Originally Published 2005-11-30 06:59:58 Published on Nov 30, 2005
There has been a heated debate about opening up the retail trade sector in India to foreign direct investment (FDI). Allowing foreign investment to come in retail trading is supposed to indicate that economic reforms are on track and that like in China , Walmart, Carforre, MAKRO, 7 Eleven and many more giant retail store chains, would be seen in India.
FDI in Retail Trading
There has been a heated debate about opening up the retail trade sector in India to foreign direct investment (FDI). Allowing foreign investment to come in retail trading is supposed to indicate that economic reforms are on track and that like in China , Walmart, Carforre, MAKRO, 7 Eleven and many more giant retail store chains, would be seen in India. If you go to a Walmart store in the US or Canada, you would be puzzled by the huge variety of goods on sale and the cheap prices that they are sold at. From books, to jewellery, clothes, tyres, medicines, food to gadgets are available under one roof. Goods from all over the world are available mostly under the brand name of Walmart. You could furnish your entire house from one store and also buy groceries for the house from the same place. Such stores occupy huge shopping spaces and the consumer is confronted with many bargains and incentives that are hard to resist. It is a sort of store that Indians would love and they would flock there to buy all that they need. They will forget the corner stores in their residential areas and the kirana stores which sells groceries. The customers would get used to this sort of 'one stop' shopping in no time just like they are so fond of visiting shopping malls that are cropping up all over the country. There has been a big rise in organized retailing in India and the popularity of shopping malls in recent years goes to show the changing habits of more globalized consumers. If retail trading is opened up to foreign investment, we shall have big malls which comprises of individual retail stores like Walmart or Makro or IKEA in every city.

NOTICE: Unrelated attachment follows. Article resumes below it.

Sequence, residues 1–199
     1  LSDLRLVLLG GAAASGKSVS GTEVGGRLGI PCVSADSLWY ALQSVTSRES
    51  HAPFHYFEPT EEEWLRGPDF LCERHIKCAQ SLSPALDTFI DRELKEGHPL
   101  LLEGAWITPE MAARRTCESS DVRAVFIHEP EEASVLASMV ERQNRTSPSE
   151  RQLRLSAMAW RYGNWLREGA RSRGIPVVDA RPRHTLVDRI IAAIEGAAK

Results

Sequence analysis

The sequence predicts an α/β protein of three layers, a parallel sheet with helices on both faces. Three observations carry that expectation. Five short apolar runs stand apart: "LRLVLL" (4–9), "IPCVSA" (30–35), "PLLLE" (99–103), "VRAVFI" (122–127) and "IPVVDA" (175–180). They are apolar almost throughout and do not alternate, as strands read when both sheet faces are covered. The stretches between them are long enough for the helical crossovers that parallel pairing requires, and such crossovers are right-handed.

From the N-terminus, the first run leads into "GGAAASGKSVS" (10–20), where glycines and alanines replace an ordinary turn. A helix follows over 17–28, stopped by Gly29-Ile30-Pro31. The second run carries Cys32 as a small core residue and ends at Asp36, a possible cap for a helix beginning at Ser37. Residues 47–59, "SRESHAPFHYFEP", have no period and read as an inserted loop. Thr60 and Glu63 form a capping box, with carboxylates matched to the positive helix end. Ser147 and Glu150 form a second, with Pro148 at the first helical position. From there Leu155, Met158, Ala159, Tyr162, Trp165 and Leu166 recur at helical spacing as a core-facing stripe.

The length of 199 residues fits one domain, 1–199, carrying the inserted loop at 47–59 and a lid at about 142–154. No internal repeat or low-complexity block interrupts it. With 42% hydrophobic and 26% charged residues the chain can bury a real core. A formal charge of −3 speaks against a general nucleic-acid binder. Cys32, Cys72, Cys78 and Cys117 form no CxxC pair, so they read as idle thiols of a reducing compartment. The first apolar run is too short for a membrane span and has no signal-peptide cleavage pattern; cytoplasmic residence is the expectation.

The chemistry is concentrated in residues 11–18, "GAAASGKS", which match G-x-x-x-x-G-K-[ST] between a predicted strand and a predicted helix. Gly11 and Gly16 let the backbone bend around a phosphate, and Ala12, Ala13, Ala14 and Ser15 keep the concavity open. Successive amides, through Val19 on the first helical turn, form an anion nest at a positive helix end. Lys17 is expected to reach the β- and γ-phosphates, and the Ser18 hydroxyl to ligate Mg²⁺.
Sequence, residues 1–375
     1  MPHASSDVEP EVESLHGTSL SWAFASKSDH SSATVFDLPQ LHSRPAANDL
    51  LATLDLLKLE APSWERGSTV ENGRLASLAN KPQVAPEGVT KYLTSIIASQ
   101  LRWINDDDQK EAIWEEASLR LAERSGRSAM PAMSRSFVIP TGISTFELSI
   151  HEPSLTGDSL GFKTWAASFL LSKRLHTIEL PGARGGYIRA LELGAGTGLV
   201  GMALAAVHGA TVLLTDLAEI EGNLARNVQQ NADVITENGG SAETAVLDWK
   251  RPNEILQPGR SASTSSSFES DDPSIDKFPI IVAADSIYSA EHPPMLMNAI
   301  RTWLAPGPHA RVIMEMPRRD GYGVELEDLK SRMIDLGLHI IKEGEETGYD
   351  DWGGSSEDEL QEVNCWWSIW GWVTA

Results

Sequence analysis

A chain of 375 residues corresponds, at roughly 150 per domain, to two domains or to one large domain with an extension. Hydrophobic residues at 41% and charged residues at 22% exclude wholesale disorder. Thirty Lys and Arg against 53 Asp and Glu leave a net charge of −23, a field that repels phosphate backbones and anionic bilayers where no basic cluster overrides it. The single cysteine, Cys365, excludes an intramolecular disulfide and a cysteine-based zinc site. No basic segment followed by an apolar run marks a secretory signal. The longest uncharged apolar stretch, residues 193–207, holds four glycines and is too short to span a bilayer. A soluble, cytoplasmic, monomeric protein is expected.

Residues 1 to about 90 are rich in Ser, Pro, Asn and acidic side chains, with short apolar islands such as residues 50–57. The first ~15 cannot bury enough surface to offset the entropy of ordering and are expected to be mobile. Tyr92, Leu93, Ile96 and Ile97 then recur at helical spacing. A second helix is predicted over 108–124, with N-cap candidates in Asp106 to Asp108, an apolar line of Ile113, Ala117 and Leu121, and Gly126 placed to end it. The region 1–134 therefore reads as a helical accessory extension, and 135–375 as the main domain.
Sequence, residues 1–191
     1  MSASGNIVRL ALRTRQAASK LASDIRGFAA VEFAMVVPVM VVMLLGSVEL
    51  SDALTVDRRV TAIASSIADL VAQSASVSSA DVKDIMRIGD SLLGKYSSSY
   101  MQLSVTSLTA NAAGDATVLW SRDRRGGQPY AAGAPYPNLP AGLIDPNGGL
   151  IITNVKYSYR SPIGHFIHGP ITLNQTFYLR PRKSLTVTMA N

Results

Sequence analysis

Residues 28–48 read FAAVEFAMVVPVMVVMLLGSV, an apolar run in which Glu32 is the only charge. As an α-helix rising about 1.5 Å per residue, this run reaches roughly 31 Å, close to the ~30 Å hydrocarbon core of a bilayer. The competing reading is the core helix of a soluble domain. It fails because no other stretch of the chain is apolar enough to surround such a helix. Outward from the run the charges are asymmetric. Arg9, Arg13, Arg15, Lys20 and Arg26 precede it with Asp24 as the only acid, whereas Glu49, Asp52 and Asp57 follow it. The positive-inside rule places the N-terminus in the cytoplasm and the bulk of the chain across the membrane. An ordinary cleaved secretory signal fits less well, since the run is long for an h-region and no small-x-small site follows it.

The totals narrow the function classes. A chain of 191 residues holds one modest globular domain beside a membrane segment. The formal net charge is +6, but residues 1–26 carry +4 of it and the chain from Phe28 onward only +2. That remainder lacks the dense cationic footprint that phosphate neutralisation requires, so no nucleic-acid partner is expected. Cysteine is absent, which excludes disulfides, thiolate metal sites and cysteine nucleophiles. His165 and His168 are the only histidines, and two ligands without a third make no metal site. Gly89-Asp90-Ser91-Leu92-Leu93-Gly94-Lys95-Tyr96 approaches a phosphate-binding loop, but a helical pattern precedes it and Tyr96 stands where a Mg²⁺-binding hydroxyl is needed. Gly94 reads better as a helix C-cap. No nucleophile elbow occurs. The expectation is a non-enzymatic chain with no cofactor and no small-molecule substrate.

In fact, Walmart is one of the biggest retail store chains in the world and they are operating in 12 countries. They have 3700 outlets in US alone with $285.2 billion in sales. They are waiting to enter India and the President of Walmart John B. Menzzer has already visited India in May 2005. He is one of the richest men in the world. Walmart is supposed to bring in millions of dollars , technology, inventory management and the use of IT in catering to consumer demand. They will sell very cheap too-because of their sourcing their supplies from low wage countries. They are also likely to buy from Indian suppliers and give them specifications about the quality of product to be sold in their stores that would be world class. People who support the opening up of retail trade hope that this will bring about a huge increase in Indian exports because Walmart and others would buy in India and sell in different countries. They will also impart latest quality control techniques and this will upgrade the quality of Indian exports-something that is badly needed.